"We saw a chance and said, 'this is great and we qualified for it,” she explained.
A partnership with the city of Sioux City and the federal government, Moos offered these homes to buyers with lower incomes. The program seemed perfect for Mike Cramer and Sammy Fowler who moved into a phase two home last December. Although they say they're happy with their home and wouldn't want to live anywhere else, they're worried that their neighbor's problems are a sign of things to come.
“I'm not full 100% sold that we got the thing that we deserve,” said Cramer.
Sammy's begun jotting down problems that have popped up.
"The porch support beam is cracked all the way up the side. The counters are separating from the wall. The dining room wall right over here is separating from the floor. I can literally push the wall and there's like a crack and it will get bigger. That's kind of scary that I can just do that,” said Fowler pushing the wall above her shower to reveal the crack.
“The insulation was falling when we moved into the house,” added Fowler.
Vanderlinden said she and her husband have spent $10,000 of their own money to fix the carpet, kitchen floor, and other issues.
“It's for low income people to qualify, so what makes you think we have the money to have to keep fixing all of these. We bought it as new so we didn't have to worry about these things,” Vanderlinden said.
"Just because they're a brand new house doesn't make it magically there's not things that need to be done or things that happen,” Moos explained.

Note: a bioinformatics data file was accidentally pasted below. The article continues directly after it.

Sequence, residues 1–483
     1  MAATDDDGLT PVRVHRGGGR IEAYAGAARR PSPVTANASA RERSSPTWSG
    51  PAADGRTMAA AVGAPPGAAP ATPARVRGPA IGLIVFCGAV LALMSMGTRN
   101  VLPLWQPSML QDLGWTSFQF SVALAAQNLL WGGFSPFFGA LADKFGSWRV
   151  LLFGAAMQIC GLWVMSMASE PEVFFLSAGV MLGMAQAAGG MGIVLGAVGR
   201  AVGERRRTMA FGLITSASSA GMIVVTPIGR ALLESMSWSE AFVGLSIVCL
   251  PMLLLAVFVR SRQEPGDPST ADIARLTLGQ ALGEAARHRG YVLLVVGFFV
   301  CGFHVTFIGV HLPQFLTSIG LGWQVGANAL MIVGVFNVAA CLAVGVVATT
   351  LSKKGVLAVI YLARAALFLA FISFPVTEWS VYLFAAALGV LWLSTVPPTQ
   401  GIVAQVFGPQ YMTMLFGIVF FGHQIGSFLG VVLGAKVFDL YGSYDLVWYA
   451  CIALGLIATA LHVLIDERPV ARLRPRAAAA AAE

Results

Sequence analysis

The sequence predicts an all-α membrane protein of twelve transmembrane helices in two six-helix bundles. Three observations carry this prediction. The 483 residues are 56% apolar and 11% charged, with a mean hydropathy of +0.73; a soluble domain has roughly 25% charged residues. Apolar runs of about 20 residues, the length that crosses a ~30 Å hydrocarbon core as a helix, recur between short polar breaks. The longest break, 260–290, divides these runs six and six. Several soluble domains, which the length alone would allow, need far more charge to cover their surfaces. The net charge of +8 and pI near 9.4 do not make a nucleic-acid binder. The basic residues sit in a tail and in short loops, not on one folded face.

"If it was one or two problems I could understand it. I've got an array of problems. It's just massive,” Bolles pointed out.
Azpeitia said he's noticed cracks cropping up too, inside and out.
"I haven't seen any of the cracks. Concrete does crack. It's a normal drying process,” Moos retorted when asked about the home owners’ complaints.
Bolles said she thinks Moos is over his head.
"I think he realizes that there are some serious issues with some of these houses and he doesn't want to address it. He thinks if he just ignores it, that we're going to go away. I'm not going away. I'm not going away,” said Bolles.
He admits he'd never done a project of the caliber before, but Moos stands by his work, calling this a "feel-good" project. Something he thought would be great for the community.
“I think it's a beautiful development. I'm proud as can be when you drive by and see those houses. They are built, extremely, like the hardboard siding, and the concrete siding, and that. Considering what was there before, considering what was there and what you see now. They look beautiful,” he pointed out.
However, for a few who live here, they say looks can be deceiving.
"I feel very stuck. In a dream house that I loved and now I feel like it's just caving in on me,” said Vanderlinden.
Stuck they say, with no place to turn.
"Where do you start? Who do you start with? Where do you go,” asked Bolles who says she and her husband feel lost about where to go with their problems is Moos won’t fix them.
The City of Sioux City says all of the homes passed inspection and met code before they were occupied.
In a follow-up phone call Sam Moos, said Bolles may have legitimate concerns and that he feels 10% responsible for the problem.
He added that he'll never take on a project like this again, but said he would buy back any of the homes from the unhappy home buyers for the price they paid.